To ensure that the future holds equal opportunities and fairness, change needs to be enacted today. One of these changes would be to increase efforts to motivate and inspire the next generation of women leaders in digital transformation.
Progress is both an inevitable and a welcome change in both business and society. Digital transformation and technology are no exception, as recent advances in these fields have seen scientific discoveries, digitization and productivity soar. However, progress will never truly fulfill its course if a wide portion of society aren’t included in the unfolding wave of change.
For the future of digital transformation to be more equal, we need to inspire more young women and girls today. Once we understand why so many women are missing from this industry and how this impacts gender inequality, we can begin looking towards a brighter future.
At our current rate of progress, equality is a distant goal. At 20 of the world’s largest technology firms, only 25% of the leadership positions are held by women. While this is undoubtedly a significant increase from a few decades ago, the future of technology should be led by an equal group that represents all genders.
Although comparisons between women and men in leadership positions give us an accurate idea of where women are missing, our current picture of inequality is further exacerbated if we take an intersectional approach. Not only are women earning less than men in the fields of science, technology, engineering and mathematics (STEM), but Black and Hispanic women in these fields take home $20,000 less a year than the industry average and $33,000 less than white male colleagues.
Due to this disparity among women of color, efforts to inspire tomorrow’s female leaders in digital transformation need to ensure that an intersectional approach that inspires all members of society is adopted.
Preparation for the future begins in the present, and in the case of motivating the next generation of women leaders, the focus is on the classroom. For enough women to acquire the sufficient knowledge and expertise to be pioneers of the future and lead change, more young women and girls need to study STEM subjects today.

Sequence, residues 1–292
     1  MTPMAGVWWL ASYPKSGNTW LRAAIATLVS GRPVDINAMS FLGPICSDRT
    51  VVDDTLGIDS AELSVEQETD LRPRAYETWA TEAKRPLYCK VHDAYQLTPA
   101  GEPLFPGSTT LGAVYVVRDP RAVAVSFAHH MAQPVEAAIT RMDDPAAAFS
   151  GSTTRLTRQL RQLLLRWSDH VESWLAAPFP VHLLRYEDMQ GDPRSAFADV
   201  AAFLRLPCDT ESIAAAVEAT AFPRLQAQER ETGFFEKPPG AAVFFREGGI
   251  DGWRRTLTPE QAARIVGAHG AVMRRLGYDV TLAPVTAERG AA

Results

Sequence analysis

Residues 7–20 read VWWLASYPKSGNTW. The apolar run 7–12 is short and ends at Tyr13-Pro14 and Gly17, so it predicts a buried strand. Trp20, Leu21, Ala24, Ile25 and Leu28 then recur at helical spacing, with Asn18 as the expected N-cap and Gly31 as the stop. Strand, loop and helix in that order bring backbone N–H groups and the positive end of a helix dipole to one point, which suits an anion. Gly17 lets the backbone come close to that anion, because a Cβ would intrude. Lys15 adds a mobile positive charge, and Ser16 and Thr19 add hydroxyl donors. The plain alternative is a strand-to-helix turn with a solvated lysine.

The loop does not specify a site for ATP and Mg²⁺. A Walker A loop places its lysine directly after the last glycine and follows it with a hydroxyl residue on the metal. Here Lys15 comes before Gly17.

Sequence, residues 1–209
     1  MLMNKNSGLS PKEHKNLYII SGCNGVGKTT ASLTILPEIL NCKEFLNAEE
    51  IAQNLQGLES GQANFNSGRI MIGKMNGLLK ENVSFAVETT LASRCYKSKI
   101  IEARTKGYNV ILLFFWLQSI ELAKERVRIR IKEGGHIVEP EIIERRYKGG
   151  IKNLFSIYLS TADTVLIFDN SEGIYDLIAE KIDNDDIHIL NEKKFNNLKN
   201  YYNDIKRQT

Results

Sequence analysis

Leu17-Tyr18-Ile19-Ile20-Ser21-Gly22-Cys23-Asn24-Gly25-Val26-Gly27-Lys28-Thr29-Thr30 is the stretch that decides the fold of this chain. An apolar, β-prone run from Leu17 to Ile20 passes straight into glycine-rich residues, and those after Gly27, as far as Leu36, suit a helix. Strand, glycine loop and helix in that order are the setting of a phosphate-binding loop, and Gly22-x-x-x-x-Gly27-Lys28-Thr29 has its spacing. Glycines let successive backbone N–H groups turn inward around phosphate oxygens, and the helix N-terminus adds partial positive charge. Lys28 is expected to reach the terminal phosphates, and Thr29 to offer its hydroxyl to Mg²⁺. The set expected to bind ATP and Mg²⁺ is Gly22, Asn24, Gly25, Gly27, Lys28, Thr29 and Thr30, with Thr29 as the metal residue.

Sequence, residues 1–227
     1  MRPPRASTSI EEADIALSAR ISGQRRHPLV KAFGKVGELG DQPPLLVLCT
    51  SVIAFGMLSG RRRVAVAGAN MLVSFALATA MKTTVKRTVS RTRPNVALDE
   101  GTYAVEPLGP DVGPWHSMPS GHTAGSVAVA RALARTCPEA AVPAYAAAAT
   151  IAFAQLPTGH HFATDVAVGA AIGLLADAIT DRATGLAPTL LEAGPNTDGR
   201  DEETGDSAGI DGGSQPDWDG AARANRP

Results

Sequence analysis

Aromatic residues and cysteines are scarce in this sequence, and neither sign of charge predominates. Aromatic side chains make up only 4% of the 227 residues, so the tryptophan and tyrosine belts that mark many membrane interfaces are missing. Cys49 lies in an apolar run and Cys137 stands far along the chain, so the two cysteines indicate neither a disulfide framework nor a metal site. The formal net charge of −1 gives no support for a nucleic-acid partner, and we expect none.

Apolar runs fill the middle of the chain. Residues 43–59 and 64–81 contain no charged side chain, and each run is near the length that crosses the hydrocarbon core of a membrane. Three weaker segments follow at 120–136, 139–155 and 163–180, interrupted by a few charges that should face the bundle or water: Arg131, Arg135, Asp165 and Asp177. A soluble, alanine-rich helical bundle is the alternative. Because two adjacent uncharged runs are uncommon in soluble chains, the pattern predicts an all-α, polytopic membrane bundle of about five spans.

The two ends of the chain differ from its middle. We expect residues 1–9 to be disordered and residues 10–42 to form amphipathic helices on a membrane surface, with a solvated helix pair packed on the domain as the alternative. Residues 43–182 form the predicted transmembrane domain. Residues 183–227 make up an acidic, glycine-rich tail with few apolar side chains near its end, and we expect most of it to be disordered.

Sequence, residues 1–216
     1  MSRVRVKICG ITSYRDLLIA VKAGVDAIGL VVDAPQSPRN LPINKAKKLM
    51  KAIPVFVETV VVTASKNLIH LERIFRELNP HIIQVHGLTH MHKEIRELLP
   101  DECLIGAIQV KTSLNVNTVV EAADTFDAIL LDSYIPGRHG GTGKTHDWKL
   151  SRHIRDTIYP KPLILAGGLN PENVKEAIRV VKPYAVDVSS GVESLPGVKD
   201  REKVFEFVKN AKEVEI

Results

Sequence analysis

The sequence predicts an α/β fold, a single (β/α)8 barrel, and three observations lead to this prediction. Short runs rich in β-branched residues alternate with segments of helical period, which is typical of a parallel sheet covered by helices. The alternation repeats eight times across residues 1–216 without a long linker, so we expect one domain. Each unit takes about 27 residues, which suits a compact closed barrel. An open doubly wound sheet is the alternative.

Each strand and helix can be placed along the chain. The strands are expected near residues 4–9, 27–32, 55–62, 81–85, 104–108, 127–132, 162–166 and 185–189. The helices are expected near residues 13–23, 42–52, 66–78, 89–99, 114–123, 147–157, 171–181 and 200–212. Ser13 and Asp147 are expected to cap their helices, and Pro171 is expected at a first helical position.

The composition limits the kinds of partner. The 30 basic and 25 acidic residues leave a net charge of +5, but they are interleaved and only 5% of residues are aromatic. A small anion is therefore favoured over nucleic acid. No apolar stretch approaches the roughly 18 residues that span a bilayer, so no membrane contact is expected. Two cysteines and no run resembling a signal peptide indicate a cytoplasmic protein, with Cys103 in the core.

However, outdated ideas about appropriate studies for different genders continue to hold many girls back from choosing more technical subjects. Unfortunately, gender bias begins from a young age and girls can be as young as ten years old when they lose interest in STEM subjects and feel discouraged from choosing them.
This disparity then limits the number of women who go on to study STEM subjects in higher education. Although there are currently more women enrolled in higher education than men, only 35% of STEM students are women. Once these students graduate and enter the working world, the gender gap widens, as just under one fifth of science and engineering professionals are women.
Therefore, for the future of digital transformation to be led by more women, girls should be encouraged to study STEM subjects at school. If the gender norms and stereotypes that affect the learning experience of so many female students are eliminated, the knock-on effect that leads to a lack of female leaders will cease to continue.
Preparation for the future begins in the present.”
Another way to motivate tomorrow’s pioneers is by shining a light on women leaders. By having real, visible role models, young women and girls will see that technology is a space where they can thrive and see success.
For this to be achieved, organizations in STEM industries can utilize the resources at their disposal to celebrate both women leaders and up-and coming stars at their companies. Not only will this be a fantastic way to recognize the hard work of a valued employee, but it will also give future peers an example of who they could become. In addition, increased representation will encourage women from all backgrounds to take up STEM subjects and boost diversity in leadership roles.
Paving the way towards a more equal future that includes balanced boardrooms takes time, but it can begin by inspiring the leaders of tomorrow. By ensuring that young women and girls aren’t steered away from the possibilities of STEM and by boosting representation of today’s female leaders, we can create a future where more women are at the helm of digital transformation.